Prosecco production takes a toll on northeast Italy’s environment
The industry accounts for 74 percent of the region’s soil loss every year
Sorry to burst your bubbly, prosecco lovers, but skyrocketing demand for the sparkling wine might be sapping northeastern Italy’s vineyards of precious soil — 400 million kilograms of it per year, researchers report in a study posted online January 10 at bioRxiv.org.
That’s a lot of soil, but not an anomaly. Some newer vineyards in Germany, for example, have higher rates of soil loss, says Jesús Rodrigo Comino, a geographer at the Institute of Geomorphology and Soils in Málaga, Spain, who was not involved in the study. And soil erosion isn’t necessarily a bad thing; it can help generate new soils to keep an ecosystem healthy.
Science News headlines, in your inbox
Headlines and summaries of the latest Science News articles, delivered to your email inbox every Thursday.
Thank you for signing up!
There was a problem signing you up.
But the amount of erosion from Italy’s high-quality prosecco vineyards is not sustainable, he says. Letting too much earth wash away with rain and irrigation could jeopardize the future of the region’s vineyards, which produce 90 million bottles of high-quality prosecco every year.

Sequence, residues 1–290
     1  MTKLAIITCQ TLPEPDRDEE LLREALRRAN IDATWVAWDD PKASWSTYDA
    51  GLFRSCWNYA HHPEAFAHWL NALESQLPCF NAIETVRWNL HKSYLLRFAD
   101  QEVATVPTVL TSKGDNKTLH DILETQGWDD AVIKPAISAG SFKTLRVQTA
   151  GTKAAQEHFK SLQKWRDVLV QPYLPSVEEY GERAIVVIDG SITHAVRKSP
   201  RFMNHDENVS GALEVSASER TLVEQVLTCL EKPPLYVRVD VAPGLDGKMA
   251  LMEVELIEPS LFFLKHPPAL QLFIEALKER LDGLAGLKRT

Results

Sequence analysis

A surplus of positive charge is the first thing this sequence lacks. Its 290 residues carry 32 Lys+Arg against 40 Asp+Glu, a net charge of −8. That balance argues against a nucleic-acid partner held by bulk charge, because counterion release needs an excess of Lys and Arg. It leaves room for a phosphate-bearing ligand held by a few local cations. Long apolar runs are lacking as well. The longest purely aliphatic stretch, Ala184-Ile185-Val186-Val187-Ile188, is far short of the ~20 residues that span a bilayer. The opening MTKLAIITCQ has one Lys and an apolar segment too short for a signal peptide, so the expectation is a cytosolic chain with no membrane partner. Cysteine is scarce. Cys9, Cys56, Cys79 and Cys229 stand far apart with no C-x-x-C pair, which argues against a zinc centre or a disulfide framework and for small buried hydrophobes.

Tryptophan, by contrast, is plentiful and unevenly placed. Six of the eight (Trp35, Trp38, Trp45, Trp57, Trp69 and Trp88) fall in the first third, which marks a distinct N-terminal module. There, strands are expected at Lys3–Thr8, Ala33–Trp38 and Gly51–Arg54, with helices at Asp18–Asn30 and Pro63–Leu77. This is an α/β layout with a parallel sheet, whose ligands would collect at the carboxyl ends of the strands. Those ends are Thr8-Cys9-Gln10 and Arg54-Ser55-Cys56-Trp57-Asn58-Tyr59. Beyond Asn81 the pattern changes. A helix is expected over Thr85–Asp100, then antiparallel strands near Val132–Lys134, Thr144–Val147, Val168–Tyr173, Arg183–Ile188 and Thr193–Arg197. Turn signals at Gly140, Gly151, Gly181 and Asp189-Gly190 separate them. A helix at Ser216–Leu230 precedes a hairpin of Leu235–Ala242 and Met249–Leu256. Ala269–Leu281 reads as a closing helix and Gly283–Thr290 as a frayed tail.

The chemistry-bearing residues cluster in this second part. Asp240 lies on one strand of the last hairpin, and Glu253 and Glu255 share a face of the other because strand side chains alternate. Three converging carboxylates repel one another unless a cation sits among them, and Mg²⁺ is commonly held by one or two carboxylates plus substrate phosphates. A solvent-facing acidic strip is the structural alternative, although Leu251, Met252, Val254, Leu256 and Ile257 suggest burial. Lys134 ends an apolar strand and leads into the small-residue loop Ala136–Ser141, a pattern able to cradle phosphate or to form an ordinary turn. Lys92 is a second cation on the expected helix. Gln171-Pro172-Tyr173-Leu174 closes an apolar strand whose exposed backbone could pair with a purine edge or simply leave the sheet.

Concerned that the recent bottle boom was taxing the local environment, a team led by researchers from the University of Padua in Italy calculated the “soil footprint” for high-quality prosecco. It found the industry was responsible for 74 percent of the region’s total soil erosion, by studying 10 years-worth of data for rainfall, land use and soil characteristics, as well as high-resolution topographic maps.
The team then compared their soil erosion results with average annual prosecco sales to estimate the annual soil footprint per bottle: about 4.4 kilograms, roughly the mass of two Chihuahuas.
Prosecco vineyards could reduce their soil loss, the scientists say. One solution — leaving grass between vineyard rows — would cut total erosion in half, simulations show. Other strategies could include planting hedges around vineyards or vegetation by rivers and streams to prevent soil from washing away.
Subscribe to Science News
Get great science journalism, from the most trusted source, delivered to your doorstep.
Comino agrees, saying: “Only the application of nature-based solutions will be able to reduce or solve the problem.”